With the new COVID-19 vaccines being approved for use, we know you have many questions. We hope the following provides some answers. We will continue to provide updates as we learn more about the distribution and administration of the vaccines.
1. Which vaccines are coming to Canada first?
The two vaccines that Canada is receiving first are those made by Pfizer/BioNTech and Moderna. These are both mRNA vaccines. When you get an mRNA vaccine, the mRNA in these vaccines results in the production of one of the proteins (the “spike” protein) of SARS-CoV-2 (the virus that causes COVID-19). Your immune system then makes antibodies to this protein. If you get exposed to SARS-CoV-2, these antibodies attack the virus and protect you from illness.
2. What is in these vaccines?
These vaccines contain mRNA with encodes the spike protein from SARS-CoV-2 (the virus that causes COVID-19), lipids and cholesterol (which are needed to stabilize and protect the mRNA), and salt. For the Pfizer/BioNTech vaccine the exact components (in addition to the mRNA) are:
- ALC-0315 = (4-hydroxybutyl)azanediyl)bis(hexane-6,1-diyl)bis(2-hexyldecanoate)
- ALC-0159 = 2-[(polyethylene glycol)-2000]-N,N-ditetradecylacetamide
- Salts: basic sodium phosphate dehydrate; monobasic potassium phosphate; potassium chloride; sodium chloride;
3. Are these vaccines safe?
The small number of components in theses vaccines minimizes the risk of both unexpected side effects and allergic reactions. To date, more than 22,000 adults have been vaccinated with the Pfizer/BioNTech vaccine. The Moderna vaccine has been given to about 15,000 adults. None of the people who have received these vaccines have developed severe side effects from the vaccine. But all vaccines and medications can be associated with allergic reactions in a small number of people, and it is possible that there are rare side effects that have not yet been identified. Public health officials around the world will be watching very carefully for any rare side effects. This is a new type of vaccine and that makes all of us more cautious about safety. However, it is important to remember that COVID-19 is a very serious threat. Getting the vaccine is safer than leaving yourself exposed to COVID-19. For further insight, please watch this video of Dr. Allison McGeer, Infection Prevention and Control Consultant.
4. Can I get COVID-19 from any of these vaccines?
No, these vaccines make a single protein from the virus only. They do not contain live virus and cannot cause an infection.
5. How well do these vaccines protect adults against COVID-19?
In the studies so far, these vaccines prevented 95% of infections due to COVID-19. These are results for the first month after the second dose of vaccine. We do not know yet how long protection will last, but the very high protection early after vaccination suggests that substantial protection will last at a minimum for several months.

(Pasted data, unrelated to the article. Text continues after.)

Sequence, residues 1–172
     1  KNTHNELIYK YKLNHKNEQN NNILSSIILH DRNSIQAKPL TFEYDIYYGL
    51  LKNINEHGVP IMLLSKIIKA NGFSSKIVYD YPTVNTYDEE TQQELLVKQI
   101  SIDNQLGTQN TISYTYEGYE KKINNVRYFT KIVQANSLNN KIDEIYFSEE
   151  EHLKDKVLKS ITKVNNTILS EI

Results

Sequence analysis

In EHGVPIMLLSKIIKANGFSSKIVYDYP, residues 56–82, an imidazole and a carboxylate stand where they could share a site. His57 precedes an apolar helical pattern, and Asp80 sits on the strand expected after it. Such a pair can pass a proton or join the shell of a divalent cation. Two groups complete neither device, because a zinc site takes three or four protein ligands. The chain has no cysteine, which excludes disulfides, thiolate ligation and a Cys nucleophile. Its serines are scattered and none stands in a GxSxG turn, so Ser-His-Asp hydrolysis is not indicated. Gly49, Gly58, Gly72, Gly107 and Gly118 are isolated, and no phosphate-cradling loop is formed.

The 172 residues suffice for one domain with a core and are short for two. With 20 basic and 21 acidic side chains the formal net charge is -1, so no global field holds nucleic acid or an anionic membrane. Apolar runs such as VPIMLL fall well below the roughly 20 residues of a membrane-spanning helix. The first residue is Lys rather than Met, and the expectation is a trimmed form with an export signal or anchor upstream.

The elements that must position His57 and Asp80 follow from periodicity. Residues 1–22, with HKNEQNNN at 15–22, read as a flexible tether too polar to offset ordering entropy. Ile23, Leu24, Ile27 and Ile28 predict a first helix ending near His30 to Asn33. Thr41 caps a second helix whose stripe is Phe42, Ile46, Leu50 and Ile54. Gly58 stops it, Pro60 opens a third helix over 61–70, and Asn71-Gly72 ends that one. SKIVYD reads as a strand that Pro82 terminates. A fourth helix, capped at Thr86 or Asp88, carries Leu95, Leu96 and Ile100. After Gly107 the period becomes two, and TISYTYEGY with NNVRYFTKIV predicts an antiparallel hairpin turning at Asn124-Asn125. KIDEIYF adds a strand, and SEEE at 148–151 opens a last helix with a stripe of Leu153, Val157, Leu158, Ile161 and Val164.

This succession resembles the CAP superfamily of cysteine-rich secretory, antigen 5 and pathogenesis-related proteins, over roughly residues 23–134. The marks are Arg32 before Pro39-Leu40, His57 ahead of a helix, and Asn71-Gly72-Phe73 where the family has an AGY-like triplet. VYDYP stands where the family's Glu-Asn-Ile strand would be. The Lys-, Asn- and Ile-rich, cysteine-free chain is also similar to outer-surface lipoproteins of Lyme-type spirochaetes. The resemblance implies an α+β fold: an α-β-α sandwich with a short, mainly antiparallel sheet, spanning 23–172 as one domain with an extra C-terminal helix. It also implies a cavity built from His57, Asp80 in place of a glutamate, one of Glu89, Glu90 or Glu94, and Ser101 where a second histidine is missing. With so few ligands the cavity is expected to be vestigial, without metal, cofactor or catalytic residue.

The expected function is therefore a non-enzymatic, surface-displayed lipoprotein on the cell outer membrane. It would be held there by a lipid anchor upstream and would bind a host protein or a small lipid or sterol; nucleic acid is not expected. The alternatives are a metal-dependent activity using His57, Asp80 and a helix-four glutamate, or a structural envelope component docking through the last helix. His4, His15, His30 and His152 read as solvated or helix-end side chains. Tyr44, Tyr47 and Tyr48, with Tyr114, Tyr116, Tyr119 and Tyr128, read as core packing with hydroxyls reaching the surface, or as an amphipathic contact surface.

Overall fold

6. Is the protection different for older adults, or those with underlying illnesses?
There were older adults (over 65 years) in the studies, and protection appeared to be as good in older adults as in younger adults. However, there were relatively few adults aged over 75 years, so our confidence in the estimate of efficacy is limited. The vaccines have not yet been tested in frail older adults in long-term care. However, the very high protection for other adults likely means that protection for older, frail adults will be substantial.
7. How long will protection from the vaccine last?
We don’t know. The best expert opinion currently, is that it will last for at least a year, although protection may decline over time. This might be a vaccine, like flu vaccine, that you have to get each year to be protected. Or, protection may last for many years.
8. Can you still get COVID-19 and spread the virus to others if you get vaccinated?
These vaccines are given as two doses, 3-4 weeks apart. Protection takes at least 2 weeks to develop, and is only partial until a week after the second dose. Thus, it is important to protect yourself until a week after your second dose of vaccine.
We know that these vaccines prevent illness in people who receive them. But we don’t know yet whether they prevent people from getting mild or asymptomatic infection which can be spread to other people. For this reason, until we know more, people who have been vaccinated still need to wear masks and maintain physical distance from others. We will be learning more over the next 3-6 months, and we hope that these recommendations will change.
9. Should people who have had COVID-19 get vaccinated?
Current public health recommendations are that people who have had COVID-19 should also get vaccinated. We still do not know the extent to which previous infection protects you against re-infection, and vaccination will likely give a boost to immunity which will protect you better for longer.
10. I have heard that there are a lot of side effects from these vaccines. Is this true?
These vaccines do create a strong immune reaction. Side effects such as pain at the injection site, fever, fatigue and muscle aches are more common in the day or two after you receive this vaccine than after vaccines such as influenza or tetanus, but less common than reactions after the inactivated shingles vaccine. These adverse effects only last a day or two, and are not serious.